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Fanfic - Cousins - dorsetgirl
August 9th, 2007
01:24 am
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Fanfic - Cousins

Title: Cousins

Author: DorsetGirl

Fandom: This is a “Real Life” story, about a Life on Mars fanfic writer!

Disclaimer: I don’t own Sam or Gene, sadly. BBC/Kudos do. The other characters are mine, but genesreunited isn’t. Perhaps its owners will consider its appearance here a free advertisement.

Rating: PG for non-graphic slash

Pairing: Gene/Sam, of course!

Spoiler: None. Just a bit of whimsy.

Word Count: approx 1080.

Summary: Have you ever wondered who’s behind the screen name?


Thanks:
to jayb111 for an informative, fast and tactful beta job. Turns out I made exactly the same mistakes as last time. *headdesk*
A/N: This story was partially inspired by the fact that a number of people at TRA have mentioned that they keep family history documents and websites open and ready to switch to whenever they’re at TRA or Lifein1973, to hide from their families just how long they spend obsessing about Life on Mars or looking at pics of John and Phil. I do it myself.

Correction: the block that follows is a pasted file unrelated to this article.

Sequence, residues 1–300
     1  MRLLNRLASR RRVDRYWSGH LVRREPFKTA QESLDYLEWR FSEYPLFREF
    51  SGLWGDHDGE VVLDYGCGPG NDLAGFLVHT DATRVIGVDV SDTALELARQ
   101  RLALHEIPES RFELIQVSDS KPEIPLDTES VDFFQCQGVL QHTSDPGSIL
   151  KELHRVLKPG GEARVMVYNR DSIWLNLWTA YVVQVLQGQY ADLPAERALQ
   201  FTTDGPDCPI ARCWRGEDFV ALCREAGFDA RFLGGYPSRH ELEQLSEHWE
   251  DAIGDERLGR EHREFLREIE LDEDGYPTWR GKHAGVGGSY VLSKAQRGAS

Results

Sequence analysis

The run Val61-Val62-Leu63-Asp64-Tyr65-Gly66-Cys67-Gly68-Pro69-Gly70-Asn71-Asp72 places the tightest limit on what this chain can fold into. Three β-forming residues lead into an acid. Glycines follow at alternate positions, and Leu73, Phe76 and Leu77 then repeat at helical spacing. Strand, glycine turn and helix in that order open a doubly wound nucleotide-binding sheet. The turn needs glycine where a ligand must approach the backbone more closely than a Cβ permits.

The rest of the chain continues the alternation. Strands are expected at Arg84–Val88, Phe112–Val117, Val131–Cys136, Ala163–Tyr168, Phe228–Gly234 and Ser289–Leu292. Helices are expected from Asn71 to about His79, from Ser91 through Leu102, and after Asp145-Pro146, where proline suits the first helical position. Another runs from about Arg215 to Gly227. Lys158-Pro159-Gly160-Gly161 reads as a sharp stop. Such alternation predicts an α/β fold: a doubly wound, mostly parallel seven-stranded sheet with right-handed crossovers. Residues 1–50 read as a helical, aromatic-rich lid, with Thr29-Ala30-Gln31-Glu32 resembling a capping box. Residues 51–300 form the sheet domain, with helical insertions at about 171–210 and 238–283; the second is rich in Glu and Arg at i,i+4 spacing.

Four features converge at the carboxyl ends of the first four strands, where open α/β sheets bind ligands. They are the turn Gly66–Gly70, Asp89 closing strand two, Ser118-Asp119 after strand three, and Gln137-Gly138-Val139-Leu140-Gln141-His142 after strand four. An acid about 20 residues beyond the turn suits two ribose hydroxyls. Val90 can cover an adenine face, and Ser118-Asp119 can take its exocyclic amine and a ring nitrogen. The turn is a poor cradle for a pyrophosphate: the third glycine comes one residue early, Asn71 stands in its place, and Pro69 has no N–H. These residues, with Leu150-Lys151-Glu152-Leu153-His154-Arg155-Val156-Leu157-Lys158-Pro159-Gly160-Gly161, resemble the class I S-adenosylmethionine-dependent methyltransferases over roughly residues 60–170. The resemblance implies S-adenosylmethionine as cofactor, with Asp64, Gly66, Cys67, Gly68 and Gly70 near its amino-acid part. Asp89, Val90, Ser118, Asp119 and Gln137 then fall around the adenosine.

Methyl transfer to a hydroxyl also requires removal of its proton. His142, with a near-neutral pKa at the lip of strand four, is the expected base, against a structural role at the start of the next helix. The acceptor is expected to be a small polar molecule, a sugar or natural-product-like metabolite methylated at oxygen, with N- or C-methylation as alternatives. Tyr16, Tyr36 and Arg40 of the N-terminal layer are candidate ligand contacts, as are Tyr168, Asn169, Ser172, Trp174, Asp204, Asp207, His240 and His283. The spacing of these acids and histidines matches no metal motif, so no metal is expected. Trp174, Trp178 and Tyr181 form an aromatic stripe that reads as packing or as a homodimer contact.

You don’t need to know anything about Family History to understand this story, but it might help to know that: (a) genesreunited is a major search and contact site; (b) an Ag Lab is an Agricultural Labourer, of which most of us have many amongst our ancestors; (c) Scottish records from 1855 onwards are wonderful - far better than English and Welsh ones for the same period.

Cousins